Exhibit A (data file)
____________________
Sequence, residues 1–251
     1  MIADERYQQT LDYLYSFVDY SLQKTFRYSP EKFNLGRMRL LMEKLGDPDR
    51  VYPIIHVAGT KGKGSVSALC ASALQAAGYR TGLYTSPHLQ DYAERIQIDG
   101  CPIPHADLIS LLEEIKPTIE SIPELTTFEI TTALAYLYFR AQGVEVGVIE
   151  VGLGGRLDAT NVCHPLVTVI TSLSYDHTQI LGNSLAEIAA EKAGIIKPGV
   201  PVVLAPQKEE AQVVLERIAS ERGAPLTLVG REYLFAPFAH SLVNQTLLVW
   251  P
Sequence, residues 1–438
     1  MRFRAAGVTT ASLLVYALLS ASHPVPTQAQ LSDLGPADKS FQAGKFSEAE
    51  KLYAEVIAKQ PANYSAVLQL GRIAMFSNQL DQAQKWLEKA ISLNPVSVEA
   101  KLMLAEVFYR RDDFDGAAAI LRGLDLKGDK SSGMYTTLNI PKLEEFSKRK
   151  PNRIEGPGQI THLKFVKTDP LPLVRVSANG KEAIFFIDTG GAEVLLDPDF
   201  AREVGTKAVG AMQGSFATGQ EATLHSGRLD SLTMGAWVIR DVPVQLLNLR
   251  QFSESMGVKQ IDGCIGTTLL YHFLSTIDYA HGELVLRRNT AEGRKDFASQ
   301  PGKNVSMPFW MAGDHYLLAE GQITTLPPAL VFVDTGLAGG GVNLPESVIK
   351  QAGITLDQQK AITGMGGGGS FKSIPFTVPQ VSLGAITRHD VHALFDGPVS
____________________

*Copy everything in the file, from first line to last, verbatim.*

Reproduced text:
Sequence, residues 1–251
     1  MIADERYQQT LDYLYSFVDY SLQKTFRYSP EKFNLGRMRL LMEKLGDPDR
    51  VYPIIHVAGT KGKGSVSALC ASALQAAGYR TGLYTSPHLQ DYAERIQIDG
   101  CPIPHADLIS LLEEIKPTIE SIPELTTFEI TTALAYLYFR AQGVEVGVIE
   151  VGLGGRLDAT NVCHPLVTVI TSLSYDHTQI LGNSLAEIAA EKAGIIKPGV
   201  PVVLAPQKEE AQVVLERIAS ERGAPLTLVG REYLFAPFAH SLVNQTLLVW
   251  P
Sequence, residues 1–438
     1  MRFRAAGVTT ASLLVYALLS ASHPVPTQAQ LSDLGPADKS FQAGKFSEAE
    51  KLYAEVIAKQ PANYSAVLQL GRIAMFSNQL DQAQKWLEKA ISLNPVSVEA
   101  KLMLAEVFYR RDDFDGAAAI LRGLDLKGDK SSGMYTTLNI PKLEEFSKRK
   151  PNRIEGPGQI THLKFVKTDP LPLVRVSANG KEAIFFIDTG GAEVLLDPDF
   201  AREVGTKAVG AMQGSFATGQ EATLHSGRLD SLTMGAWVIR DVPVQLLNLR
   251  QFSESMGVKQ IDGCIGTTLL YHFLSTIDYA HGELVLRRNT AEGRKDFASQ
   301  PGKNVSMPFW MAGDHYLLAE GQITTLPPAL VFVDTGLAGG GVNLPESVIK
   351  QAGITLDQQK AITGMGGGGS FKSIPFTVPQ VSLGAITRHD VHALFDGPVS